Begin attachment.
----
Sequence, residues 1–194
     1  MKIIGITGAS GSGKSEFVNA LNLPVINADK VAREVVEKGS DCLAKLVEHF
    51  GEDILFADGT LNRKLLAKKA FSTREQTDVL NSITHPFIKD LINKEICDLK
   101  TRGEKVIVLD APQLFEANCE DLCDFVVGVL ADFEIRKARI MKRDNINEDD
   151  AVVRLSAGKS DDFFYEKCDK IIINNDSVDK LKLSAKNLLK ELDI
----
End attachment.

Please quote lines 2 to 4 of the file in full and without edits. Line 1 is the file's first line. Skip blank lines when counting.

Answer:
     1  MKIIGITGAS GSGKSEFVNA LNLPVINADK VAREVVEKGS DCLAKLVEHF
    51  GEDILFADGT LNRKLLAKKA FSTREQTDVL NSITHPFIKD LINKEICDLK
   101  TRGEKVIVLD APQLFEANCE DLCDFVVGVL ADFEIRKARI MKRDNINEDD